My Cinematics

September 17, 2010

I think it’d be a good idea to start off this post with a few lines from my Day #1 freshman orientation.

Mike: “Hi, my name is Mike, and my favorite hobby is making films.”

Girl: “What kind of films?”

Mike: “Haha why don’t you come up to my room and find out. I mean… oh shit.”


I’ve been around amateur filmmakers all my life, and when I say amateur I mean very amateur. Since I was eight years old I participated in the Video program at FCDC, in which the Video counselors would write short scripts, film campers acting the scenes out, edit the footage, then show the finished video to the entire camp. I was rarely in the videos for multiple reasons, one of them being that every group of campers had fifteen kids in it and it’s difficult to make fifteen roles for every single script, another being that I was an obnoxious child and the counselors at the time probably thought I was an annoying little shit. Which I totally understand now.

The videos weren’t Spielberg’s work, just funny little skits about monsters attacking the camp, or about how the counselors ate too much Taco Bell (a recurring theme throughout the years.) The important part wasn’t the story, it was the thrill of seeing yourself on a big screen in front of the whole camp, and knowing for just a brief moment that you’re a star.

My dad was the program director of my camp, so at the end of the summer he’d get a master copy of each year’s complete camp video. Since I had them all in my house, I’d watch them endlessly throughout my childhood. They were my fascination, these simple little skits. They were a nostalgic reminder of the innocence I felt at that camp. I won’t go into detail, because I know it would do no good trying to explain it, but for a lot of young kids FCDC is like a heaven on Earth; free of judgement, stress, and expectation. I always craved more.

When I was old enough to be a CIT (counselor in training, basically an intern) I was stationed in Video for a week, and witnessed for the first time what it was like to be on the other side of the camera. The job wasn’t as glamorous as I’d built it up to be in my head, but I loved every second of it. I enjoyed it so much that I decided to buy a video camera and try to make my own movies, just like my childhood heroes. Aw.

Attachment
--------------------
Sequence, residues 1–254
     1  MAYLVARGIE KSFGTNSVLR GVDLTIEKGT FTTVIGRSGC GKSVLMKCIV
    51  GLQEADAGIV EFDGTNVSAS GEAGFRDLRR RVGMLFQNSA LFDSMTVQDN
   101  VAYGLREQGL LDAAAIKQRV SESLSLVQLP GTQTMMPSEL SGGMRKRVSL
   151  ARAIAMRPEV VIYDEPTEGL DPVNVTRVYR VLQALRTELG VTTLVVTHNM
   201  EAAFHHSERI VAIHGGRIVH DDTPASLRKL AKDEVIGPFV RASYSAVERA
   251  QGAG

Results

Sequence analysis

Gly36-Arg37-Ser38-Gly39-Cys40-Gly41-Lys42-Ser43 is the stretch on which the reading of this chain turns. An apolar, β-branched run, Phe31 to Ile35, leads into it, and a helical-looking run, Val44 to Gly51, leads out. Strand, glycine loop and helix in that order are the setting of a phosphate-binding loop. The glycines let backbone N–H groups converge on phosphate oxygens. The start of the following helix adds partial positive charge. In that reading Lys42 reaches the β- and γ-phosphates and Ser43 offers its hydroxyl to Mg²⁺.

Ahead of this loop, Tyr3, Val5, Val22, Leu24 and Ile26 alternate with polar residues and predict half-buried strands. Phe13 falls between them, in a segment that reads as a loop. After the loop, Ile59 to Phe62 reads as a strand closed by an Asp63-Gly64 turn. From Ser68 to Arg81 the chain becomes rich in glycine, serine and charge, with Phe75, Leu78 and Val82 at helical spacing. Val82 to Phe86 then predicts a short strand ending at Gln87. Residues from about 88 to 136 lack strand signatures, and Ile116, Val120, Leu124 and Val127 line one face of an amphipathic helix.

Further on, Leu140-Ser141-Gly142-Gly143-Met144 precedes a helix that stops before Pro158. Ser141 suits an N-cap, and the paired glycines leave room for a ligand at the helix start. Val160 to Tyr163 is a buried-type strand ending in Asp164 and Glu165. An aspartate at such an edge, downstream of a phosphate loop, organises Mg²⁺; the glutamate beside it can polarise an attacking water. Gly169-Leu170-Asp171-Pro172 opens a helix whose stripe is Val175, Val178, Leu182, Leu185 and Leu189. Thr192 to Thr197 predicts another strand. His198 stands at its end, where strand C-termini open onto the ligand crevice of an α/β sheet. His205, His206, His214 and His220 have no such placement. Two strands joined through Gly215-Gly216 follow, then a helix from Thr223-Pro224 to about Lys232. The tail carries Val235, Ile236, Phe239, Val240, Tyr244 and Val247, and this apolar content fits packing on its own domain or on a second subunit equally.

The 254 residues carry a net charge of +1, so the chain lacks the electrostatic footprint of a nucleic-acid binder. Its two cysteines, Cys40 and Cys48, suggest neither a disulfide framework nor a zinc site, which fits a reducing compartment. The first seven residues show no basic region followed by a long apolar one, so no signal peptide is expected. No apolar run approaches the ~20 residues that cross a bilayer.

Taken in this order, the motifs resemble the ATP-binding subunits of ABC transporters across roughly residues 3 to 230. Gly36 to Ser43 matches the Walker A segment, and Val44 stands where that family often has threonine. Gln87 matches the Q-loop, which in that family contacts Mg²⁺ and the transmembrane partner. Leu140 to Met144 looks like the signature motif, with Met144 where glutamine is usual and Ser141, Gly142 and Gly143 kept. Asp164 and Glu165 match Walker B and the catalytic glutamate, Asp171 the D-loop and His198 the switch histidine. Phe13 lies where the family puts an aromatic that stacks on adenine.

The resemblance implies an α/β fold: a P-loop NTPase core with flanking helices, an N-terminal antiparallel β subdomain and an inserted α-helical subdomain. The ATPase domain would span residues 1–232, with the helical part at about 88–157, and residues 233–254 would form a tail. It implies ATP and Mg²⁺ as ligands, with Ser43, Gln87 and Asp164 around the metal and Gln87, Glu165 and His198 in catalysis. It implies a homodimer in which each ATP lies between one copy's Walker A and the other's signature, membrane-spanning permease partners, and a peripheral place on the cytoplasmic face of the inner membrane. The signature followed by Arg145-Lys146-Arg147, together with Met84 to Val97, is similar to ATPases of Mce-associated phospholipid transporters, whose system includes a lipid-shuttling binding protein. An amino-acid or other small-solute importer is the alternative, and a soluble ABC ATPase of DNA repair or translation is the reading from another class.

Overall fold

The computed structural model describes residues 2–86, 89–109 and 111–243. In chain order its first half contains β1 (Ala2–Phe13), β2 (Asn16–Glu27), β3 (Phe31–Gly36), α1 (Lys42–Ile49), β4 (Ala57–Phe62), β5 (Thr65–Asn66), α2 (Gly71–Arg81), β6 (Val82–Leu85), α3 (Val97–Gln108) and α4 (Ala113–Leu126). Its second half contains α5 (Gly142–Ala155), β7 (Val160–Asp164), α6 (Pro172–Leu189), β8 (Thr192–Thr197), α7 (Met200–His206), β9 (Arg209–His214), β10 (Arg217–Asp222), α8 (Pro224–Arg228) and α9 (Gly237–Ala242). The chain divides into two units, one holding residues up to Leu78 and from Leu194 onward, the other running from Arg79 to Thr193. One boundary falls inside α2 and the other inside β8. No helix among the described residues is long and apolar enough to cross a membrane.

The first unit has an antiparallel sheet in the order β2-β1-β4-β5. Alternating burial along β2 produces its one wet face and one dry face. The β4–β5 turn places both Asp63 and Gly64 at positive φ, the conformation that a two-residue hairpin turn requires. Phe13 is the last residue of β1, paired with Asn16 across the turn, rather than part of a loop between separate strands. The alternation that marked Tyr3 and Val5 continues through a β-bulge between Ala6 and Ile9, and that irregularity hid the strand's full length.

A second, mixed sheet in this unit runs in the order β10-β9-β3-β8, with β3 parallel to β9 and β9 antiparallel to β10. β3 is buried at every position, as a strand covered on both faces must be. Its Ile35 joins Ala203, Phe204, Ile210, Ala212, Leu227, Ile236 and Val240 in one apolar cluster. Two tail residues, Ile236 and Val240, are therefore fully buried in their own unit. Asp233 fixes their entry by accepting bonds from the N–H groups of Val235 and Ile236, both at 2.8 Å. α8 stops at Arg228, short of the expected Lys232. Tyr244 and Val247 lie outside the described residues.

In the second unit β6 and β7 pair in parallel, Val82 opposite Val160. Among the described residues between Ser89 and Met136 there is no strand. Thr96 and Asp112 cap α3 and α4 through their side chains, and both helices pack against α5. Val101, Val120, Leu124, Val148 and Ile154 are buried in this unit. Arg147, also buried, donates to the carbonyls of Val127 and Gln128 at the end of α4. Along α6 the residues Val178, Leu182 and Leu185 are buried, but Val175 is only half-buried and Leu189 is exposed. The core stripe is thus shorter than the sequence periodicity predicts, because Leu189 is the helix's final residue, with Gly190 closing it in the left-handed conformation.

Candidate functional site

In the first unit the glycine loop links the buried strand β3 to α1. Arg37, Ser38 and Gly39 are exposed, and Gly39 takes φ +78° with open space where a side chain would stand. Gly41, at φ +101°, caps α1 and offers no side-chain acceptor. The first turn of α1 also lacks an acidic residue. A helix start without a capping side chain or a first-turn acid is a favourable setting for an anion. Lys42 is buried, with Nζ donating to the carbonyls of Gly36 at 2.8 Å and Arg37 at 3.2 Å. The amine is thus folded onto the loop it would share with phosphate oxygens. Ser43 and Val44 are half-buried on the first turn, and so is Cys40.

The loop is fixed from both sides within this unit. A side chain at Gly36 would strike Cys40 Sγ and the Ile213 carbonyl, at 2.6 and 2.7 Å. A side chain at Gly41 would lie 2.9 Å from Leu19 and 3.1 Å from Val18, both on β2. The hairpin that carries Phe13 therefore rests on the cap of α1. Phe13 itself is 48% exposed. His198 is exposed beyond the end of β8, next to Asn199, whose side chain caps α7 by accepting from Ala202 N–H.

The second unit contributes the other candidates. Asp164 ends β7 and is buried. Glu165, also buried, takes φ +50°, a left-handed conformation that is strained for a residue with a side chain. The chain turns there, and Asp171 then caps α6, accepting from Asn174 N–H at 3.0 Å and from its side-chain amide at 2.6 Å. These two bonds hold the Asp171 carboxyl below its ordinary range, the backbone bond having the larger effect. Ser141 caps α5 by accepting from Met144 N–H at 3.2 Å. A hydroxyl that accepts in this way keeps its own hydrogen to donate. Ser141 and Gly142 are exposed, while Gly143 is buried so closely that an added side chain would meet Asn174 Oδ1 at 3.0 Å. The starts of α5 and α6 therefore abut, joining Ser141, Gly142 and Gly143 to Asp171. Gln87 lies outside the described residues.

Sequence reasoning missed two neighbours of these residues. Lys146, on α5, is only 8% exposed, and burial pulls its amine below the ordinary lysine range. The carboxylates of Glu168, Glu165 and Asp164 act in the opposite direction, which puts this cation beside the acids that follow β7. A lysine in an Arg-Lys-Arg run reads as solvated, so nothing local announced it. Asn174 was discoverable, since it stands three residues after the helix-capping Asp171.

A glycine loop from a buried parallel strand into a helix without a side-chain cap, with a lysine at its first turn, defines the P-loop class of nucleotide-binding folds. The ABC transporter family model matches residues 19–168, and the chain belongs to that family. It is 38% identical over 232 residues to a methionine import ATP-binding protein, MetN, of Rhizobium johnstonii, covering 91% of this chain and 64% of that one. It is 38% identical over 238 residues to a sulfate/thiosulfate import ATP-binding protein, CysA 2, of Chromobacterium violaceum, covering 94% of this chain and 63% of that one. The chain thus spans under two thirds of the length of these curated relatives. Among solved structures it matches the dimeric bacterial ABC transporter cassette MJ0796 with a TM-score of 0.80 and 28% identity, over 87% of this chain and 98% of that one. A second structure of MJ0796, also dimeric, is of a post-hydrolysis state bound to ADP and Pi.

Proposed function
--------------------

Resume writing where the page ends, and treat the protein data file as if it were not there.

The first product of my film-making career was a video of myself solving a Rubik’s cube, a task that seems to get less and less incredible as time goes on. It didn’t require much editing since all I did was add a song in the background, so it was a good first video. But I wasn’t happy with just that, I wanted something with a script, something funny and crazy.

And so in my sophomore year of high school, The Sam Conner Movie was born. A crazy three-minute movie-trailer spoof of classic bad-ass cop movies. Again, it wasn’t Spielberg, but it was fun. The movie gained a lot of attention throughout my school, and people wanted more. So when I found the time and resources, I gave them more, with Imaginary (More Than) Friend, the story of a young man who encounters delusional people and finds himself engaged in wacky confrontations. More videos would follow over the next few years, including a highly anticipated sequel to The Sam Conner Movie, which can also be found on my YouTube channel.

No one in Bellingham that I’d ever met had been interested in film before, and despite my amateur status I started to become known for it. Everyone kept telling me how someday I’d be a famous director. There were times when I believed them, but usually I’d just shrug it off as a hobby. That’s all it really was anyways. I reveled in the thrill of bringing my friends together, turning them into people they weren’t, and then editing the footage into a work of art (because no matter the quality, art is art.) It made me feel alive; it was like nothing I’d ever experienced before.

That’s why it seemed so perfect when in the summer before I went off to college, a special opportunity opened up. There was a spot open for a Video counselor at FCDC, and I was finally at the age where I could take a head counselor position. I took the job in an instant, and me and my co-head Kyle spent that whole summer making the skits I’d adored all my life that had inspired me to pick up film in the first place.

If that isn’t the perfect example of a story coming full circle, I don’t know what is.


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